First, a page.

This reality is forcing CSOs to reconsider alternative solutions in order to accommodate to these challenges. Corporate IT must now face a crossroad in which the traditional way of thinking is less and less relevant, and a new approach to Security in Cloud-oriented environments is required in order to face the new challenges within the corporate resources and capabilities.

Implementing Corporate Cloud Security Solutions

Corporate IT is responsible for the safety of corporation data. It cannot ignore even the slightest potential breach and must be able to achieve the following goals with a comprehensive solution for cloud security, which shall include the following features:

  1. Perform at scale with limited or no IT human resources.
  2. Protect corporate resources residing both in the organization perimeter and the cloud.
  3. Enforce security 24/7 and alert regarding security issues around the clock.
  4. Protect the corporation periodically with up-to-date security updates.
  5. Easy to maintain and most importantly obviate the need for security boxes updates and replacements.
  6. Effortlessly Scalable.
  7. Congest security solutions into a single pane of glass.
  8. Protect corporate users no matter their location or the type of device they use.
  9. Achieve high performance for internal applications both on-perm or in cloud.

When planning business security strategies, all considerations are to be observed. It is crucial taking into account the ability to efficiently maintain and operate the strategy, in a way which would achieve the set goals on a day to day basis, with the IT resources available.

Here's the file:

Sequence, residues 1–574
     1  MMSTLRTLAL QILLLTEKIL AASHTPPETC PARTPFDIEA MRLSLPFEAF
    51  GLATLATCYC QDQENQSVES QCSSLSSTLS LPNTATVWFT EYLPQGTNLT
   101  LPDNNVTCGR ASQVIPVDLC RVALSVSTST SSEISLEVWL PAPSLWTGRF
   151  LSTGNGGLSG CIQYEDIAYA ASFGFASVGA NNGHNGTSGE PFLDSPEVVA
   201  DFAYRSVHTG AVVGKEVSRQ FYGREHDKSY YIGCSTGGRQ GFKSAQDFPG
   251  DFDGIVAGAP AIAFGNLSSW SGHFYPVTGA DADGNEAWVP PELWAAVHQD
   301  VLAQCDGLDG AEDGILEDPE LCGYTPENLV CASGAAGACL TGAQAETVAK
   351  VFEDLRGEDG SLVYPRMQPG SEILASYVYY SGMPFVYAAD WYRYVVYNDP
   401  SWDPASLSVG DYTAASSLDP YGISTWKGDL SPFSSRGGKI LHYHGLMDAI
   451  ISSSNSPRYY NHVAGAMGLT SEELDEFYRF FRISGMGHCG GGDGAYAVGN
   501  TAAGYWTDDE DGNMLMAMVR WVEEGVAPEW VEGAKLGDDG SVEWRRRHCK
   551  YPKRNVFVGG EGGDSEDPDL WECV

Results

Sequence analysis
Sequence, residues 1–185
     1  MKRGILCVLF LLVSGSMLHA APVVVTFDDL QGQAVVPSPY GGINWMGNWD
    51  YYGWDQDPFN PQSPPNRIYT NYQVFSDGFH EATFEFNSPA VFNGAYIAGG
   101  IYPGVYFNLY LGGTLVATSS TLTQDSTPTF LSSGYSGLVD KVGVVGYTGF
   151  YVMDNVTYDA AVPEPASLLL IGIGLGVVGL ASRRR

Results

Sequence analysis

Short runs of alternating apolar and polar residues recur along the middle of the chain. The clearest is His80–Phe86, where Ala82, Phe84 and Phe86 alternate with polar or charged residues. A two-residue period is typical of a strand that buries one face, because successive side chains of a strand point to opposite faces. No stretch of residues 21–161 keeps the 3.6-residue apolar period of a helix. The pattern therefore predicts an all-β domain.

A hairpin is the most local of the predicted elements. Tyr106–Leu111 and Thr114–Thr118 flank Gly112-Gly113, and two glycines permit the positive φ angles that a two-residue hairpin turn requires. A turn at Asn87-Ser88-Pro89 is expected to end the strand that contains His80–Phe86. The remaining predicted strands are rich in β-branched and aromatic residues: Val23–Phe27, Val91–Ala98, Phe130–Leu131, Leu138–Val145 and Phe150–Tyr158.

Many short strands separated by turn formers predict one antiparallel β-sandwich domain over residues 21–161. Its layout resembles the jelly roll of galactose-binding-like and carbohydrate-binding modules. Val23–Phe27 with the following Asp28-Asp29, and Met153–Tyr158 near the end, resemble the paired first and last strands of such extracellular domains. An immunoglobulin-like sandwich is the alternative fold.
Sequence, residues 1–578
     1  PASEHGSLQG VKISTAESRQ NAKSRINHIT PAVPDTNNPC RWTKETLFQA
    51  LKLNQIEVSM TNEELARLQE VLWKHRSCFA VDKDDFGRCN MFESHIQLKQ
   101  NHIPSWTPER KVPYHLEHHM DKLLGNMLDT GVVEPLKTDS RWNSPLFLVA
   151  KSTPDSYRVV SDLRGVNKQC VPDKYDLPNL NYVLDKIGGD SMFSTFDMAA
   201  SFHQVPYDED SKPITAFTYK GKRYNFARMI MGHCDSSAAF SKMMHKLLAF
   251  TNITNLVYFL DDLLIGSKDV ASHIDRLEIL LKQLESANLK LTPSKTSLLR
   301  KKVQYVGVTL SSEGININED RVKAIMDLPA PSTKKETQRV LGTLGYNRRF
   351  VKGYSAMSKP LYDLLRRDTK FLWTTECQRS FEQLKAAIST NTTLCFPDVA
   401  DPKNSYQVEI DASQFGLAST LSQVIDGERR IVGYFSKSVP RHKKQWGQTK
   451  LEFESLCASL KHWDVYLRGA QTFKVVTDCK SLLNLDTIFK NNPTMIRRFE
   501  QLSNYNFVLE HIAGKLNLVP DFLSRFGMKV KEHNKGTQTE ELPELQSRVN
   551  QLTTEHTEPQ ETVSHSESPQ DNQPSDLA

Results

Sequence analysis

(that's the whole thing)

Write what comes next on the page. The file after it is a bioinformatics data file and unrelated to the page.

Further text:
Internet Binat provides communication and information security services to the business sector. Our services include internet access, information security, communication infrastructure administration, WAN networks and server hosting in Israel and abroad.

What does the new Chinese VPN ban mean to corporate IT?

What is VPN and why it is used?

Many organizations that have remote sites or/and mobile users in China, uses IPSEC-VPN or SSL-VPN over the internet. This way of connectivity is very common way to connect mobile users or/and remote sites in a secure way to the corporate resources, located at the main office/data center or as a cloud services.

What’s the reason behind Chinese authorities to ban VPN use?

The reason for this step, is to prevent Chinese citizens to access unauthorized access to websites outside of China, using VPN technology.

This new ban is about to be implemented starting February 2018 but some of our customers who works from China, indicates that they already started facing issues with their VPN from the remote sites and mobile users.

What are the other methods that can be used to fix this issue?

Traditionally this problem was solved by using an MPLS connectivity to connect a specific remote site to the corporate network.

However there are some issues with this kind of solution:

  1. Time to implement .This kind of solution takes around 6 to 1 2 month to implement (depend on the remote site location).
  2. No flexibility. It take long time to upgrade the speed or change the connectivity end location.
  3. 0 agility and elasticity.
  4. Doesn’t support cloud connectivity.
  5. No redundancy

Is there a way to solve the VPN issues and gain all the benefits of using the flexibility the internet is giving us in China?

The specific situation where old technology (like the one I described) doesn’t give answer to the new challenges require organizations to adopt new technologies that can Handel all the requirements with ease .